Revelers at the Firstenburg Community Center brought in the new year with a different kind of boom. Not with kazoos, booze or fireworks (you know those are illegal on New Year’s Eve, right?). Rather, with the booming sounds of big band music from the ’40s and ’50s.
About 100 people dressed in their finest garb and bejeweled dresses flocked to the community center for the fifth annual Swinging in the New Year’s Eve Dance — an event, many said, that harkens back to how they grew up celebrating the new year. It’s tradition and part of the city’s 50 and Better Program.
“We used to swing in the new year with Guy Lombardo,” Alice Rohan said. Lombardo, she explained, was like the Dick Clark
or Ryan Seacrest of New Years past.
As soon as the Beacock Music Swing Band played its first note, people got up from their seats and glided onto the dance floor. They showed off steps from ballroom to fox trot as the brassy sounds bounced off the walls.
Norm Reiber gushed about the complexities of big band music and the brass instrumental solos, calling them a rare find these days in the modern-day music scene.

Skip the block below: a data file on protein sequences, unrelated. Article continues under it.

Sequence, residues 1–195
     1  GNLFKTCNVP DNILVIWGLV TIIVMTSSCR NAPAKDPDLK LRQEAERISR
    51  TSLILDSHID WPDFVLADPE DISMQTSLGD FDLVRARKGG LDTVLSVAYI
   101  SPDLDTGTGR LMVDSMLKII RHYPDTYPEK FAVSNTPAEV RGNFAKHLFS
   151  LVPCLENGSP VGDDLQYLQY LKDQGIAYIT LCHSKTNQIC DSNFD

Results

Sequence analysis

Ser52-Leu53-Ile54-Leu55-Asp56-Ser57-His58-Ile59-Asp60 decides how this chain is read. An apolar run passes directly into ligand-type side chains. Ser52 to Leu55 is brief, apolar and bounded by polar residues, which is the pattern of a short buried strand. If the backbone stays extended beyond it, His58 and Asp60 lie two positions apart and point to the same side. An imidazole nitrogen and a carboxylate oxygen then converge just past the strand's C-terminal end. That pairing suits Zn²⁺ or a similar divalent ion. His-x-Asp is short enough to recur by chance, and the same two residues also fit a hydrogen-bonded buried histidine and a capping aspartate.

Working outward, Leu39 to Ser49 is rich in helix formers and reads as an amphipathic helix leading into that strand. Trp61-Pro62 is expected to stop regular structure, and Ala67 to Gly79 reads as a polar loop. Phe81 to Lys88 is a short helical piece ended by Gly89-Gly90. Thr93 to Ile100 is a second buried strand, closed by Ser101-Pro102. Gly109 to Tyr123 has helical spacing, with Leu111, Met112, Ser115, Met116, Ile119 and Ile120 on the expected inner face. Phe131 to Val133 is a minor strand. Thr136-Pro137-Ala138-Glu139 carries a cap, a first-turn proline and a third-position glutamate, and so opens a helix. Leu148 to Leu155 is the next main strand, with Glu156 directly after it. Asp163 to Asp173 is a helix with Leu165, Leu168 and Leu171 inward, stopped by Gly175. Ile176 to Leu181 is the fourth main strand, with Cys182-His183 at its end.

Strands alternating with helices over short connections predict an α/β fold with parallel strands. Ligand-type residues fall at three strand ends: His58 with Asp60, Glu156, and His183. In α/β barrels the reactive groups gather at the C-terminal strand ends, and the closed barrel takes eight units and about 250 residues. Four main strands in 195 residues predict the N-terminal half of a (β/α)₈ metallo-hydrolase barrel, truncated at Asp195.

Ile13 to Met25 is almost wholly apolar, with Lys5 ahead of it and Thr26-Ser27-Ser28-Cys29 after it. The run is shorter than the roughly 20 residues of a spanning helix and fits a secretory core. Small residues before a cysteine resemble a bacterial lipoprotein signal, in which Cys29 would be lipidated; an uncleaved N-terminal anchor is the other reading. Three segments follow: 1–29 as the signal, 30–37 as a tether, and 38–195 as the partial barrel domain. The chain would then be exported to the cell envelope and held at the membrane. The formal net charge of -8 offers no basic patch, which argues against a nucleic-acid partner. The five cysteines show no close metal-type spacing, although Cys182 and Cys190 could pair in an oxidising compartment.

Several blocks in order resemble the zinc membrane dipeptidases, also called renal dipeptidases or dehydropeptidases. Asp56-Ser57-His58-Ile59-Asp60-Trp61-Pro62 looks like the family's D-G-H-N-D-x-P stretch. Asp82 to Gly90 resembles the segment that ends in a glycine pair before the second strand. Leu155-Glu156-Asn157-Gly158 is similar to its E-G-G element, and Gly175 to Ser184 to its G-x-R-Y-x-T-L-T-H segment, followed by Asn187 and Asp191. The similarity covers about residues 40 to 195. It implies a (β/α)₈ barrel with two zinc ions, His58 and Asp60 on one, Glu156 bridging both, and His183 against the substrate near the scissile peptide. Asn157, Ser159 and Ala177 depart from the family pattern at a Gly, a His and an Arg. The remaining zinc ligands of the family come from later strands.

Tunes that echoed Tommy Dorsey, Benny Goodman and Artie Shaw captivated the crowd. As the beat picked up, turning to tunes like “In the Mood” by the Glenn Miller Orchestra, people switched to swing dancing.
“When you get them off the dance floor, they might not walk so well, but they can dance like a butterfly,” said Kelli Lund, who organized the event for the age 50-and-better crowd. Dancing, as a low-impact movement, is good for arthritis pain, Rohan said.
Although the dance ended — at 10:30 — well before the midnight hour and the actual new year, Reiber said it’s better that way.
“Most of us are in bed by 9. Ten-thirty is late for us,” he said. It allows people to get home earlier, ahead of late-night traffic, or go out for libations afterwards.
The Swinging in the New Year’s Eve Dance is one of two major dances hosted by Vancouver Parks and Recreation. The Senior Prom, a long-standing tradition, is held in the spring.